“Over the course of the last 18 months,” explains Technical Support Service Manager for International Business Development, Feisal Aden Darar, “we have been focusing on local and international trends to materialise our core goals. We have improved our Internet transit solutions by deploying Level 3 PoP, a world class Tier 1 and Saudi Telecommunication Company’s POP, with strong presence in the Middle East. In addition we have upgraded our existing Telecom Italia Sparkle node in terms of capacity and diversity.
“As a result of our gradual improvement we have 20 operators from 13 countries in East Africa that are currently transiting through the IP nodes in Djibouti with live traffic volumes of about 10 Gbps. In addition to all these PoPs we have developed Djibouti Telecom‘s Pop that is sourced not only from all these IP transit providers but also from FT and Etisalat. With the combination of these advantages we can deliver premium service over diverse and redundant networks. Djibouti Telecom puts customer satisfaction first by anticipating its need and targeting beyond his expectation. Furthermore, since 2012 we also serve as a restoration path to East African operators during outages due to cables cut or maintenance.”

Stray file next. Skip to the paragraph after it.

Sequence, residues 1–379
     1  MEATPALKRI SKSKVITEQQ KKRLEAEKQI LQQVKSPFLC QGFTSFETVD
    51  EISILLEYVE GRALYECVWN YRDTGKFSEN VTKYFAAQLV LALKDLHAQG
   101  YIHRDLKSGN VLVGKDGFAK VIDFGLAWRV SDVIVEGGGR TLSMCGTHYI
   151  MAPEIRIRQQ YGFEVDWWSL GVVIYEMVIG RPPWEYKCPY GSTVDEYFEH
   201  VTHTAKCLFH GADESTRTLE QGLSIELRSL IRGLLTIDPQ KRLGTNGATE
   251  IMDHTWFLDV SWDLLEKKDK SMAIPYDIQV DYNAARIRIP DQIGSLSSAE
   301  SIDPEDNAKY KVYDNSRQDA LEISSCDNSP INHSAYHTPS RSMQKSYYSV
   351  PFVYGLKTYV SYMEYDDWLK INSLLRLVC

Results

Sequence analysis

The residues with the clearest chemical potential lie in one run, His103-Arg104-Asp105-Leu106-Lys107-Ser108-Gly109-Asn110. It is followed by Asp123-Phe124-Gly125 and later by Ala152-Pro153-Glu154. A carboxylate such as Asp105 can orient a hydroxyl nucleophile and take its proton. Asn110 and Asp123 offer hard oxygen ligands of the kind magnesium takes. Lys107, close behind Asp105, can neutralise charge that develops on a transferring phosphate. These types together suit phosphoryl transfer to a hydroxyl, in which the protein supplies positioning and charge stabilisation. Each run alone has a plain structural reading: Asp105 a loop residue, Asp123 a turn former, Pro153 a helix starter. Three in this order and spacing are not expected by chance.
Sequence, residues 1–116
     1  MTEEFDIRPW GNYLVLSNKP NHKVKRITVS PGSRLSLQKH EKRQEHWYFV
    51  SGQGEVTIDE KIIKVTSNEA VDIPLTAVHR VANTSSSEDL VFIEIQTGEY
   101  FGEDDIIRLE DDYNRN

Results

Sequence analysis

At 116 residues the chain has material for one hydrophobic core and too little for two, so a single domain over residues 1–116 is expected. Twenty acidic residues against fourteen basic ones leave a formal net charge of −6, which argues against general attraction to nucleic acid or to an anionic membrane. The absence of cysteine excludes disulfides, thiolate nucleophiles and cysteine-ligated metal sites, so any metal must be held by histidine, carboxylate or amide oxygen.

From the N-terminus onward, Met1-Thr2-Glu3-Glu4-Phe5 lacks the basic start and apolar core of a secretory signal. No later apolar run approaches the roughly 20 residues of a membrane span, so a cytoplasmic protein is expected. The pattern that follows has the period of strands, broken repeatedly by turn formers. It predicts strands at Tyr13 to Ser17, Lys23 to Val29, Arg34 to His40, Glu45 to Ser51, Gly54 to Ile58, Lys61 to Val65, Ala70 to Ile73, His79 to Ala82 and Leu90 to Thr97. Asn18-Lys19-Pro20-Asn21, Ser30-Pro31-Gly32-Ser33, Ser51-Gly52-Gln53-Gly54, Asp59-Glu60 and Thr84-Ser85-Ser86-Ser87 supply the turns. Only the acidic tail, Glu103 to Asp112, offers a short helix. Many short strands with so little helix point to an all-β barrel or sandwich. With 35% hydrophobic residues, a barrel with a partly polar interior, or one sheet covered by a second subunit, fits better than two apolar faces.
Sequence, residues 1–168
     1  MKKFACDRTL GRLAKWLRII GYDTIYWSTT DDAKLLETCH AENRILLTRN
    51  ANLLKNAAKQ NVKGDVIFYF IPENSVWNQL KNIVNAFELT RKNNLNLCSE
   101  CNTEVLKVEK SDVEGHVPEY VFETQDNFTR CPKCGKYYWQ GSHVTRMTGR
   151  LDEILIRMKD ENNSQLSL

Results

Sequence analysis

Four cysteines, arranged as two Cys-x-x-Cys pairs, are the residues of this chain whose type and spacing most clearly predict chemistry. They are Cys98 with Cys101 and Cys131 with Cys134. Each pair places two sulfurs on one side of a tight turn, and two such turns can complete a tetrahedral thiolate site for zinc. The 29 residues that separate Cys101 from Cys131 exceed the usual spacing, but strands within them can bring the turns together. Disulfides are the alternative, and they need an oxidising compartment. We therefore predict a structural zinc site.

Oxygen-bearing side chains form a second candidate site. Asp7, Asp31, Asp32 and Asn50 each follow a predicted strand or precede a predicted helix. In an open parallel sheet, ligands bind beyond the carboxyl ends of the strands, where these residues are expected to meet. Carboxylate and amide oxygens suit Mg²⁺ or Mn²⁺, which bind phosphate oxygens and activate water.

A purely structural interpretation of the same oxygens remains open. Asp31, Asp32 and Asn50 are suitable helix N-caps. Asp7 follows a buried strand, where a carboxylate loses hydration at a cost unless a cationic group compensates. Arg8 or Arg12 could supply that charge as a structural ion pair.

Founded in 1999, Djibouti Telecom’s primary target is to establish itself as a regional hub responsible for delivering a complete portfolio of voice, data/IP and capacity services over state-of-the-art network infrastructure that reaches out to eastern and southern Africa, the Middle East and Europe. This drive for international expansion comes on top of the fact that Djibouti Telecom remains the sole provider of telecommunications services in its home country.
Djibouti Telecom is recognised as being the international carrier with the strongest presence in eastern Africa. The company’s customer base consists of telecommunications service providers and multinational organisations including international carriers, mobile and fixed telephony operators, internet service providers and major government and private sector clients.
At present the company has a total of five submarine cables running into the East of Africa and, as Feisal goes on to explain, plans are afoot for more infrastructure to be added in the very near future. “We are looking at introducing two additional cables, which we hope to have up and operational by the end of 2014. The presence of these new cables will further provide us with the ability to deliver to our customers the services that they require and to do so on a reliable basis, while also providing optimum availability.”